Bill Drayton and Howard Gardner in Conversation
In December 2017, Bill Drayton and Howard Gardner—friends since their days as classmates at Harvard College—had a wide-ranging conversation at the Harvard Club in New York City.
This lightly edited version of that conversation highlights Bill’s vision of the changes that are taking place at rapid pace around the world and how they can and should lead to a world of change-makers.
Gardner: So, I’m talking to my longtime friend Bill Drayton. He has talked about what it took to get the big story about changemakers out, and there’s a lot more planning and a lot more time than I would have thought. He didn’t just talk to reporters who said, “Yeah, I’d like to talk to Mr. Drayton and find out what you’re up to.”
Instead, he spoke to people in the media and found out somebody who was an up and coming writer — this is David Bornstein. And, there were articles published, and then a major book. But the point that really hit home with me is that it helps to understand what a changemaker is if you’ve become one yourself.
Now that was probably not thought of as part of the plan initially, but do I have it right?
Drayton: Well, David became a social entrepreneur, introducing solutions journalism much later.
Drayton: The original insight, I think, is that if you’ve had a big story, it doesn’t fit into the journalistic story-writing time-frame. You have to find people who are big enough to break a big story. And then you can help them do that, but it’s a completely different type of conversation — “big framework change story” — and it’s ripe. So, there’s some wonderful writers that we’ve been talking to for years who genuinely understand “everyone a changemaker”, but they haven’t done anything.
In terms of writing.
They’ve done other things.
So one of them has set up, come, and said to me, “I’d like to do a book on this.” And another has, as a trustee of an institution, gotten that institution to move, but he hasn’t been writing. Now we’re at the point where we’re in the tipping mode, and so it’s the right judgment for a publisher, or an editor, or an individual writer to say, “Not only is this where the world is going, but it’s now here.” And we’re at the stage where millions and millions of people are going to look dumb if they…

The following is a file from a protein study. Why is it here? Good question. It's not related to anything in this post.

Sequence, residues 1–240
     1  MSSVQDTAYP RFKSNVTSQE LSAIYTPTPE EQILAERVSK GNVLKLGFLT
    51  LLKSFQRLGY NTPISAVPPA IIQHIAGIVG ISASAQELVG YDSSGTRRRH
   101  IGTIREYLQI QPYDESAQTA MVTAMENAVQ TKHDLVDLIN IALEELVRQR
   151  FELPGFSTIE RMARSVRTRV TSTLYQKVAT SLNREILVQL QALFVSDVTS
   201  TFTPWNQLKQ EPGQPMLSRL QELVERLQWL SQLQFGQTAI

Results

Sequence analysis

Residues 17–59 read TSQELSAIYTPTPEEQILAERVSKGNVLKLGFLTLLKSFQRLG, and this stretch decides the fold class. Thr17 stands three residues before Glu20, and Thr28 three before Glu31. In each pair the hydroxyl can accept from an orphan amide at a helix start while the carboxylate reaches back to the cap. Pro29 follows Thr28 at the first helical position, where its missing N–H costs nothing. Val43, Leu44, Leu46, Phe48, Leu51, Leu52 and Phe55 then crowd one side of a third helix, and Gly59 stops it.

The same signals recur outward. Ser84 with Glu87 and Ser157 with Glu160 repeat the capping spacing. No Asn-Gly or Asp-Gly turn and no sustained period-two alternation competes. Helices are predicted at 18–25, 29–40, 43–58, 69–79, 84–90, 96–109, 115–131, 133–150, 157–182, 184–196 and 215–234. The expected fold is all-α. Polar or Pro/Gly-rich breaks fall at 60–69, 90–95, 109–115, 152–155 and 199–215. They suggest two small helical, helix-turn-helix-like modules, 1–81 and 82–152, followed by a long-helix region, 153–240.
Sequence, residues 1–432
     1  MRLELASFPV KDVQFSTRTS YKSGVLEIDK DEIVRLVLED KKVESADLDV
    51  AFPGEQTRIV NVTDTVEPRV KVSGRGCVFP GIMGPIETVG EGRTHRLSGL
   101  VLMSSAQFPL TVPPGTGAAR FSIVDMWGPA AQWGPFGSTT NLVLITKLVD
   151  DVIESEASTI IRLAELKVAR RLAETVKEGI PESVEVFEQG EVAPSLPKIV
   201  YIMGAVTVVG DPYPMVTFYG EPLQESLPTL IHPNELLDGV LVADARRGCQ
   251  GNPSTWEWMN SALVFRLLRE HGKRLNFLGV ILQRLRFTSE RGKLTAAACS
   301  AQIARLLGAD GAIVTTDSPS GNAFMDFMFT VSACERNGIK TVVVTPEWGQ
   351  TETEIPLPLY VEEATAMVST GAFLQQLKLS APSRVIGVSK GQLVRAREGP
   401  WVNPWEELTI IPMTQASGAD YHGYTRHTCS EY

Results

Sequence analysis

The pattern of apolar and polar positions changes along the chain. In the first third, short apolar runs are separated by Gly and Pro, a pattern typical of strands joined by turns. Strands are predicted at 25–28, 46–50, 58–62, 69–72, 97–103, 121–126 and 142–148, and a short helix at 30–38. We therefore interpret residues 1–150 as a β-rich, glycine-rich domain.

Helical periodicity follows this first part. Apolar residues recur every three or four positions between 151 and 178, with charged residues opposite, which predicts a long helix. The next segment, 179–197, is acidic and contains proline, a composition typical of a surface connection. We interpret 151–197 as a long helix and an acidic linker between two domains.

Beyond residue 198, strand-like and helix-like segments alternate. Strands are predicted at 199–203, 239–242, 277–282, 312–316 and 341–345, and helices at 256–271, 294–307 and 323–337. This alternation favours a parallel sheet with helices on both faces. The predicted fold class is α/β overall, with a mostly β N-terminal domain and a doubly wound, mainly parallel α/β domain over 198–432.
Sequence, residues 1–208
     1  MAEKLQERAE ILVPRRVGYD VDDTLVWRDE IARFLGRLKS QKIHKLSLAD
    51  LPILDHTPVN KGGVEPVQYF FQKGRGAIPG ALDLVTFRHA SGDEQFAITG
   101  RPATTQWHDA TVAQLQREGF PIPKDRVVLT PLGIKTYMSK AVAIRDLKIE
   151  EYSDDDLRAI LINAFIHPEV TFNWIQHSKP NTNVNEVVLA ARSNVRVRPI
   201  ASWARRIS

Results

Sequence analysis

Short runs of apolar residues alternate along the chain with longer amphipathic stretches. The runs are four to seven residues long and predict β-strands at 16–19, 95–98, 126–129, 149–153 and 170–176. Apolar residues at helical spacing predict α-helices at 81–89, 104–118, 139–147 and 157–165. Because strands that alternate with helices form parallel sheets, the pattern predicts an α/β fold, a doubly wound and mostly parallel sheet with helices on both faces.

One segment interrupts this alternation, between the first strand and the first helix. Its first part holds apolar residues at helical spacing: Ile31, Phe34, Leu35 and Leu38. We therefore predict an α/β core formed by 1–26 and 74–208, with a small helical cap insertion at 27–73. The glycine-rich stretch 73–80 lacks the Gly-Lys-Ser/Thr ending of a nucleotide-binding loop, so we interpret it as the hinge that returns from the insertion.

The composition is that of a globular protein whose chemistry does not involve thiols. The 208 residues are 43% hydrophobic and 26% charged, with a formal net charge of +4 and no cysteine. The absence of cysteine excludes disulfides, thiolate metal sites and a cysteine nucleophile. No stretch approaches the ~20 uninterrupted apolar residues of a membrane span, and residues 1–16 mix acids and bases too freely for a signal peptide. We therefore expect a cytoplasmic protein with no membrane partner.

Drayton: Just in the last year, literally the last nine months, we have several publishers who’ve now made this decision. It’s a very interesting measure of where we are in the tipping process.
Gardner: So, can you spell that out a bit? What does it mean for a publisher to get it and to be an embodier?
Drayton: Well, it’s always been the case. A great editor or publisher sees a big story and they make a judgment: “This is important. This is important for the readers I want or have, and it’s time.” If they make those judgements correctly, they will get the writers and therefore the readers, and therefore the advertisers and the elan inside their organization. … So, there’s this wonderful book, I just love it, Bully Pulpit. Do you know of it?
Well, it’s by Doris Kearns Goodwin, on progressivism, and the subtitle is “Theodore Roosevelt, William Howard Taft, and the Golden Age of Journalism.”
I love this book, because it’s so right on this point and, you know, I give this book to people (laugh) when I’m trying … You have the opportunity to do this.
Gardner: McClure’s Magazine?
Drayton: McClure’s. Exactly.
So, Mr. S.S. McClure founds this magazine and he sees the big story. Now, all this stuff is going on. Industrial revolution, and uncontrolled capitalism, and the farmers are mad at the railroads, and other people are upset about the food being unsafe, but no one sees the whole picture. And they don’t understand how it really works.
And so he goes to Paris for Ida Tarbell. As a young woman, she said, “I’m not doing the mom thing. I’m going to be a writer.” She’s struggling writing on the West Bank. McClure goes to her and says, “Ida, you grew up in western Pennsylvania. You remember what happened to the independent oil people there? Now if you really do take on investigative reporting about Standard Oil and John D. Rockefeller, et cetera, it may take you two years, but then, month by month, we will publish this.” And his advice to her was, “This is going to be complicated…. build the storyline around the story of John D. Rockefeller.” So, that’s what made Ida Tarbell’s career. And then it was Ray Baker and various others. And so this is a great editor who saw the moment. This is a framework change when people in America could see, “Oh, that’s the problem. And here’s what we can do about it.”